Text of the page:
Research and technology to give people with disabilities the possibility of developing greater social and practical skills to enhance their participation in the educational system, in the workforce, and in community life.

Read the Alana and MIT joint statement of the center's purpose and mission.

About The Alana Down Syndrome Center

The Alana Down Syndrome Center aims to deepen knowledge about Down syndrome and to advance the health, autonomy and inclusion of people with this chromosomal condition. A multi-disciplinary center spanning multiple labs and programs at MIT, the Alana Center engages the expertise, perspectives and ingenuity of faculty and partners in a broad range of studies and programs to understand the biology and brain science of Down syndrome. Their work seeks to develop and improve treatment and therapies, create assistive technologies, and to train a new generation of researchers.

The center launched March 20, 2019, thanks to a generous gift from the Alana Foundation


Research in the Center will investigate mechanisms and potential therapeutic interventions in two main areas: brain circuits and systems, and cellular mechanisms and genetic variation. With these approaches the team will strive to improve understanding of why Down syndrome children experience functional differences and what are the best ways to address them.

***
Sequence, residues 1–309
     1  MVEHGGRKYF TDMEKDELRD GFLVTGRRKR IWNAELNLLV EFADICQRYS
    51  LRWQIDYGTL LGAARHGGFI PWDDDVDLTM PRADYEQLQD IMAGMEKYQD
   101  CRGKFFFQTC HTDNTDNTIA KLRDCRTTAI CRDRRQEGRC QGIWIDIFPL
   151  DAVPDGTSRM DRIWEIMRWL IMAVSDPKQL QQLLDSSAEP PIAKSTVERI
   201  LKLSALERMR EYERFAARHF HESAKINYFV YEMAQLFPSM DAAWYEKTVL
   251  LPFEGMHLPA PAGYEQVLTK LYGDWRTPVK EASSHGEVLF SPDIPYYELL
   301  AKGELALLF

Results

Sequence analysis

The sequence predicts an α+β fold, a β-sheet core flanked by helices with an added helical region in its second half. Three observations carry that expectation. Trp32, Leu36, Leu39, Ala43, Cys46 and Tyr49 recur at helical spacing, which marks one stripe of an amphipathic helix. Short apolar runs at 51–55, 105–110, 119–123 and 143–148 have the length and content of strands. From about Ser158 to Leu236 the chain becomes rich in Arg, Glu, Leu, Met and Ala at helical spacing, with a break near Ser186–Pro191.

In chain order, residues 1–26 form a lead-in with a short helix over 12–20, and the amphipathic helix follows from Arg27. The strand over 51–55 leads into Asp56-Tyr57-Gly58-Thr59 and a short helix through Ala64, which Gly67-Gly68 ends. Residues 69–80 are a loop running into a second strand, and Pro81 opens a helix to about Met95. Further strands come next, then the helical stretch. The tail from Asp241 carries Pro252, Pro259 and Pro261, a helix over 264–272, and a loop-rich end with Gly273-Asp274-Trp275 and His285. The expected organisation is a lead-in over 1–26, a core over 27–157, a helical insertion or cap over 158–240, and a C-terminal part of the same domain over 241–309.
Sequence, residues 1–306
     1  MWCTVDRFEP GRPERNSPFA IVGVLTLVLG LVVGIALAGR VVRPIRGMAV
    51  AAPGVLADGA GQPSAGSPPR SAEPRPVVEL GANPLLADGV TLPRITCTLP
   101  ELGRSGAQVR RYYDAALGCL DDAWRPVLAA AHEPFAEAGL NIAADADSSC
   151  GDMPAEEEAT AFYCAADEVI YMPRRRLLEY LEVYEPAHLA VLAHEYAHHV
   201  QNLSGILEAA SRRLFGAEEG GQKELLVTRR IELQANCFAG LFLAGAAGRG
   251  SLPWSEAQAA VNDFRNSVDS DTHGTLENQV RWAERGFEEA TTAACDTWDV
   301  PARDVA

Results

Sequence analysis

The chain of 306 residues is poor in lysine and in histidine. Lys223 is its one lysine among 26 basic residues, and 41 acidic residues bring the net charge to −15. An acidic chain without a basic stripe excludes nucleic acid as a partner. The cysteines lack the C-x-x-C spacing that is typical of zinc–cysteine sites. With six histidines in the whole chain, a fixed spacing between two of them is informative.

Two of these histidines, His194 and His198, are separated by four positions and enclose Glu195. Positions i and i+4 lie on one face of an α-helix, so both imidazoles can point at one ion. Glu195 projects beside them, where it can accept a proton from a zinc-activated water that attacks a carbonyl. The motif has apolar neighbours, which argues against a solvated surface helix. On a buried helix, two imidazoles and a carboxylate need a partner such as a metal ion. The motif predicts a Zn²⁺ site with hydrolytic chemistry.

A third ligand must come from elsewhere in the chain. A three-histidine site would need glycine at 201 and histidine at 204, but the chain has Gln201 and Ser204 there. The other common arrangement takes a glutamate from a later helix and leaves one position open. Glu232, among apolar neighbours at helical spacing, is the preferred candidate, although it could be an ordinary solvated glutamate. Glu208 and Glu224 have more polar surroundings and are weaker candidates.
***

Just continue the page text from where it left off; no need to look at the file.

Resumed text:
Technology to Improve Ability

A partnership with the Deshpande Center at MIT, called “Technology to Improve Ability,” in which creative minds across MIT will be encouraged and supported in designing and developing technologies that can improve life for people with different intellectual abilities or other challenges.

Education and Training

Through postdoctoral and graduate fellowship programs, the center will train a new generation of talent to increase the number of young scientists who are enthusiastic about and skilled in Down syndrome research. Trained in the Center’s member labs in their advanced and innovative techniques, this class of postdoctoral fellows, doctoral students and undergraduate students will amplify the center’s discoveries and societal impact throughout their careers at MIT and beyond, for the benefit of people with Down syndrome and their families.

Our Team

Li-Huei Tsai, Co-Director

Dr. Tsai is the director of the Picower Institute for Learning and Memory, lead investigator of the Aging Brain Initiative at MIT, Picower Professor of Neuroscience within the Department of Brain and Cognitive Sciences, and Associate Director of the Glenn Labs for the Biology of Aging at MIT. She combines molecular, genetic, and circuit-based techniques for a “whole-systems” approach to understanding Alzheimer’s disease and other neurological conditions that affect cognition and memory. Her lab is testing the hypothesis that non-invasive, sensory stimulation of a specific brain rhythm, disrupted in such conditions, may restore the brain’s ability to counteract disease pathology, including in Down syndrome. Her team is also studying gene expression changes in laboratory models of Trisomy 21. Tsai is a recipient of the Glenn Award for Research in Biological Mechanisms of Aging, the Javits Neuroscience Investigator Award, the Mika Salpeter Lifetime Achievement Award for her research on brain development, neurological disorders, and Alzheimer’s disease and the Hans Wigzell Research Foundation Science Prize.